I just realized one big thing that Freckle and Stack Overflow have in common: they have virtuosity built into the definition of their target market.

Freckle‘s target market is defined as small businesses where everyone trusts everyone else. That’s how it can be a social time tracking where everyone can see everyone else’s entries. And tagging makes seeing other peoples’ entries useful for owners, managers, and employees alike.

Stack Overflow, on the other hand, is geared mainly towards programmers who want to cultivate knowledge. It’s also geared towards google searchers, but they’re not the core group, and don’t get the benefits available to the core group, like reduced advertising and moderation abilities.

For a counter example, there are mass-email companies that sell their servers to spammers. And there are ones that avoid spammers, but have a hard time achieving separation just by how they define their target market (and saying people who want to send mass email minus the spammers doesn’t work well). But Campaign Monitor circumvents that problem by marketing to designers, who are an intermediary between them and a larger group which includes spammers, that keeps most of the spammers out.

I think defining a good customer base is a large part of having a good customer base.

When I hear someone talk about how nice it would be to have a companion iPhone or Android app to a website, I want to know why. There are two reasons, and I think that one is more valid than the other:

  1. They want to provide the customer with a better user experience.
  2. They think that if the user has their app installed they’ll be more likely to use their product. Thus, it’s a marketing channel.

I don’t think reason #2 holds up to scrutiny. First, I have 5 pages of iPhone apps, but two of them, Tweetie and Dan Bricklin’s Note Taker, account for more than 90% of my app usage. Many of them I haven’t touched since installing. Second, after the initial flurry of installing and trying out apps, I rarely install a new app because I don’t need more apps that I don’t use.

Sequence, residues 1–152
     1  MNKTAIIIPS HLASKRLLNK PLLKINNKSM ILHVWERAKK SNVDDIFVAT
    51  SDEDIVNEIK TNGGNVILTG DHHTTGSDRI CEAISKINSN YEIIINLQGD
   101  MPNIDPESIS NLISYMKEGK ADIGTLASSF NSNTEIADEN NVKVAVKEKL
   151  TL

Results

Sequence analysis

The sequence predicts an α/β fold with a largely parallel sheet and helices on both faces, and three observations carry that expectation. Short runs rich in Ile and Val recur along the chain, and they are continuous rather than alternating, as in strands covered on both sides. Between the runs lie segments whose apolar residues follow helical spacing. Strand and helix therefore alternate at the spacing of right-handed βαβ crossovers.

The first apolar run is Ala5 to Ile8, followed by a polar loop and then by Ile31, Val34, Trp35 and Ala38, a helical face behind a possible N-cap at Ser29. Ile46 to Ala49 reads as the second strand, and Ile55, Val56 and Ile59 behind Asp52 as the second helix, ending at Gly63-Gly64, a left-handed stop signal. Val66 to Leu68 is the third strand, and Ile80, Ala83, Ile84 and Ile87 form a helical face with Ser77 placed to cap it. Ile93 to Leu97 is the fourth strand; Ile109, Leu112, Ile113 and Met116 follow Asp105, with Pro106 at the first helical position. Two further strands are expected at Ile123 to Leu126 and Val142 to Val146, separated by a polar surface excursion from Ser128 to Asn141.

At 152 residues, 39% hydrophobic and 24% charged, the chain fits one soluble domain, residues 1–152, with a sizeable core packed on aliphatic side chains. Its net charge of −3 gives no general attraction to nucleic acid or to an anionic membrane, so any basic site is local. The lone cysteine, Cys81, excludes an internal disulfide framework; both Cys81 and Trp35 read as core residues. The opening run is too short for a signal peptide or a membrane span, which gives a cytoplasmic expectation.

Now, I’m not a typical user, but I’m inclined to think that most casual iPhone users either don’t install many apps, don’t use many of their apps, or both.

Another angle, though, is that to me, it sounds kind of arrogant to think that just because you have your app on someone’s phone they’re likely to use it. That’s like the marketer who thinks that if they get a nice commercial on TV, sales will roll in, even if the product isn’t remarkable. I think what Seth Godin says in Purple Cow is right: you have to be remarkable to be noticed. I don’t think you’ll be noticed just because your icon is on peoples’ iPhones.

I think some people are attached to this idea, though, so much so that they’ll argue to project managers or developers that it will provide a better user experience, and express doubt over the ability of alternatives, like HTML 5 mobile sites, to provide a good user experience.

I got linked to an MSDN blog and noticed that the URL was http://blogs.msdn.com/jensenh/archive/2005/11/08/490348.aspx. I don’t think that this is the actual folder structure on the server’s filesystem. I think it’s just what gets passed on to a script, that determines what content is being requested, and generates that content.

The “.aspx” must be deliberate. I think it’s an advertisement to anyone who programs computers that the website uses XML-based ASP (Active Server Pages, a Microsoft technology).

I think that this is pretty silly, because the extensions in the URLs are extra typing, are incorrect after switching languages, and don’t make things any easier for developers that are using URL dispatchers.

On the other hand, I think it’s a pretty slick move by Microsoft, and in some way I wouldn’t mind seeing it countered by Java, Python, and Ruby programmers.

Any thoughts?